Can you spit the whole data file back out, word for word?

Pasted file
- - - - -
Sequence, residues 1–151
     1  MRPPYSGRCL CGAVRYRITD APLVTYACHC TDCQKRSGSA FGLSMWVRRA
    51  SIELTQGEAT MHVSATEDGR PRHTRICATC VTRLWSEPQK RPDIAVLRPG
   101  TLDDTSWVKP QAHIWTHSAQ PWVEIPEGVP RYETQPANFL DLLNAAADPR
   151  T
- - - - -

Sequence, residues 1–151
     1  MRPPYSGRCL CGAVRYRITD APLVTYACHC TDCQKRSGSA FGLSMWVRRA
    51  SIELTQGEAT MHVSATEDGR PRHTRICATC VTRLWSEPQK RPDIAVLRPG
   101  TLDDTSWVKP QAHIWTHSAQ PWVEIPEGVP RYETQPANFL DLLNAAADPR
   151  T